That’s a bit of bad timing, but current security issues aside, the momentum for Windows 10 clearly remains steady. Last September, Microsoft said Windows 10 was running on 700 million devices and by March of this year, that number had gone up to 800 million. That number includes standard Windows 10 desktops and laptops, as well as the Xbox and niche devices like the Surface Hub and Microsoft’s HoloLens.

As Yusuf Mehdi, Microsoft’s Corporate Vice President of its ‘Modern Life, Search and Devices’ group, also noted, the company added more Windows 10 devices in the last twelve months than ever before.

Come January 2020, Windows 7 is hitting the end of its (supported) life, which is likely pushing at least some users to move over to a more modern (and supported) operating system.

While those numbers for Windows 10 are clearly ticking up, Microsoft itself famously thought that Windows 10 would get to 1 billion devices by the middle of 2018. At this rate, Windows 10 will likely hit 1 billion sometime in 2020.

Microsoft open-sources a crucial algorithm behind its Bing Search services

Microsoft today announced that it has open-sourced a key piece of what makes its Bing search services able to quickly return search results to its users. By making this technology open, the company hopes that developers will be able to build similar experiences for their users in other domains where users search through vast data troves, including in retail, though in this age of abundant data, chances are developers will find plenty of other enterprise and consumer use cases, too.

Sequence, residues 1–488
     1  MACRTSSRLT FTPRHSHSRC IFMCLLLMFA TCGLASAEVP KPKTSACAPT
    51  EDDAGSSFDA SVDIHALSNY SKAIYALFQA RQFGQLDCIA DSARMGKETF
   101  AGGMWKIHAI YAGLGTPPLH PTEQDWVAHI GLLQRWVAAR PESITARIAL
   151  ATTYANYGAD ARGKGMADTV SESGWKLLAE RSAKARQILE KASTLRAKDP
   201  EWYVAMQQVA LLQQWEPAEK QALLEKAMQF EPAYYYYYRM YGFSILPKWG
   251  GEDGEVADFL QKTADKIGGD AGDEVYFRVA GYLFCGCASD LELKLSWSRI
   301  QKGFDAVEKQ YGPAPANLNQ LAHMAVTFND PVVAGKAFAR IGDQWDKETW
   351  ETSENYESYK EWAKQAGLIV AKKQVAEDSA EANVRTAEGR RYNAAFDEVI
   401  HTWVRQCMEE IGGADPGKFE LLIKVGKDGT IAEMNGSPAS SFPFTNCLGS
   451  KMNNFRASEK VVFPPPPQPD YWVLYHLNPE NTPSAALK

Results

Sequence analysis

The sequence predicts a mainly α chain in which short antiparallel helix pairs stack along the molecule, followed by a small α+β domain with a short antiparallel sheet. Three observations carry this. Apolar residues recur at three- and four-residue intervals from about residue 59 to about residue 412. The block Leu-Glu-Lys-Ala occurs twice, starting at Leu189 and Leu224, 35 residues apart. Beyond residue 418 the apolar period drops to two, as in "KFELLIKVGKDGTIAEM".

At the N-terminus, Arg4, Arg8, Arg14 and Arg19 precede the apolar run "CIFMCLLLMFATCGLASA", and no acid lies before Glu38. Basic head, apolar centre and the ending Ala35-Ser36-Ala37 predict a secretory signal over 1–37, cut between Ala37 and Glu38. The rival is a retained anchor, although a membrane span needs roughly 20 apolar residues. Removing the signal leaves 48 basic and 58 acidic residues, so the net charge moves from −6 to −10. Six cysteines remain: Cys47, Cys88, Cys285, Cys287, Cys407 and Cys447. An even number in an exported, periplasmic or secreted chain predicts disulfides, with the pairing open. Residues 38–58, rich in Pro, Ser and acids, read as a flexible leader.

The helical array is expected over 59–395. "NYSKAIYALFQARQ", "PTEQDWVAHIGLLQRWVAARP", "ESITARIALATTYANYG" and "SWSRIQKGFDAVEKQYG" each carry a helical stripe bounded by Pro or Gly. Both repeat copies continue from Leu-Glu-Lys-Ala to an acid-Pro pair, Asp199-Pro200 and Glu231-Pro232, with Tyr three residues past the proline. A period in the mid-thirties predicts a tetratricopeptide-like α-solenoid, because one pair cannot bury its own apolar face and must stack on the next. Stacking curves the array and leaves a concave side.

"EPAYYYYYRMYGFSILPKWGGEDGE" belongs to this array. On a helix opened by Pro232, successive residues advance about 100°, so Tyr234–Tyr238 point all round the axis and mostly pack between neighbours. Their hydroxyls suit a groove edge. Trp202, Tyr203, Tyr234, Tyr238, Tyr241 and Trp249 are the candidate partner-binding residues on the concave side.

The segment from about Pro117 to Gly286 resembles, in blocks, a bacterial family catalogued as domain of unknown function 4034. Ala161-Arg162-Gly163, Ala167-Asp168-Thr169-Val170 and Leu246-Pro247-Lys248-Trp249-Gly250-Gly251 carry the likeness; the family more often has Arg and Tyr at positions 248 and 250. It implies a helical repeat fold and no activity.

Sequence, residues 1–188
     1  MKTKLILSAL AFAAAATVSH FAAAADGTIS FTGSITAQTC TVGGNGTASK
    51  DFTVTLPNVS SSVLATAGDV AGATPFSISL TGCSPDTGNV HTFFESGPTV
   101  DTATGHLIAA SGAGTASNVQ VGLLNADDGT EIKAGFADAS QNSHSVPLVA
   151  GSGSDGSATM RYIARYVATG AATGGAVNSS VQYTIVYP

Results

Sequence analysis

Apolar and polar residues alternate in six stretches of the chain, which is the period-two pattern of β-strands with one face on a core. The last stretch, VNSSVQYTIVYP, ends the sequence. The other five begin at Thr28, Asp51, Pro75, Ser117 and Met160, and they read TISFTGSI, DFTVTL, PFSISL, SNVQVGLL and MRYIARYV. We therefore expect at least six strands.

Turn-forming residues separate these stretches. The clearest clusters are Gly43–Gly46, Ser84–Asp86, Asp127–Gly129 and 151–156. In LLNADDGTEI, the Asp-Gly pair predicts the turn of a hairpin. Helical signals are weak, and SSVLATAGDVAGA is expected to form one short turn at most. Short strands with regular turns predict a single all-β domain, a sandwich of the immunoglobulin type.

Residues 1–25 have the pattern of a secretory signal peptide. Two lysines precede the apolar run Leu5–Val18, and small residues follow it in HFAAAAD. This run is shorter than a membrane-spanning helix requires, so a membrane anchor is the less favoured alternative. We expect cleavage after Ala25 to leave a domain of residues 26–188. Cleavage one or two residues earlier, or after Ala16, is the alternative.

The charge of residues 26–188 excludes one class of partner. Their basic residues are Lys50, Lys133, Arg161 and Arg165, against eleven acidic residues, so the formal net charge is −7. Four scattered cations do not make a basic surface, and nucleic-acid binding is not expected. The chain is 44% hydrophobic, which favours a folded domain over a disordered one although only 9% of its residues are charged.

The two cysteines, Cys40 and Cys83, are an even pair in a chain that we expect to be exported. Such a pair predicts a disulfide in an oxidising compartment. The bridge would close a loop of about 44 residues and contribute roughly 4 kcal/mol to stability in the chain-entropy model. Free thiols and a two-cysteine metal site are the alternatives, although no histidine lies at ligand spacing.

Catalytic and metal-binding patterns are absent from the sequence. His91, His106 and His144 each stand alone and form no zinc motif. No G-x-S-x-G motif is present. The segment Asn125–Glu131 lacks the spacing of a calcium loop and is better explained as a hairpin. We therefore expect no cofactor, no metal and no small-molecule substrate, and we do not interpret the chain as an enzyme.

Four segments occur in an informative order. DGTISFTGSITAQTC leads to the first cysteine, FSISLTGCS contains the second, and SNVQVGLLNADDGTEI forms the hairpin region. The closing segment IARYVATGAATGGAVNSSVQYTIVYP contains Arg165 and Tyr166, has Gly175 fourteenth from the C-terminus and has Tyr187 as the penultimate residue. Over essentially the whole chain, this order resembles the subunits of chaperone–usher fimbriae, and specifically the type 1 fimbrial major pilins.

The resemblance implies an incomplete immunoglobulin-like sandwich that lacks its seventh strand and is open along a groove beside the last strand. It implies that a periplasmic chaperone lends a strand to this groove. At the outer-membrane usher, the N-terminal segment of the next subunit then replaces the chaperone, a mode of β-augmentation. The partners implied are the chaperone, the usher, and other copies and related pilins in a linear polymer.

The piece of software the company open-sourced today is a library Microsoft developed to make better use of all the data it collected and AI models it built for Bing .

“Only a few years ago, web search was simple. Users typed a few words and waded through pages of results,” the company notes in today’s announcement. “Today, those same users may instead snap a picture on a phone and drop it into a search box or use an intelligent assistant to ask a question without physically touching a device at all. They may also type a question and expect an actual reply, not a list of pages with likely answers.”

With the Space Partition Tree and Graph (SPTAG) algorithm that is at the core of the open-sourced Python library, Microsoft is able to search through billions of pieces of information in milliseconds.

Vector search itself isn’t a new idea, of course. What Microsoft has done, though, is apply this concept to working with deep learning models. First, the team takes a pre-trained model and encodes that data into vectors, where every vector represents a word or pixel. Using the new SPTAG library, it then generates a vector index. As queries come in, the deep learning model translates that text or image into a vector and the library finds the most related vectors in that index.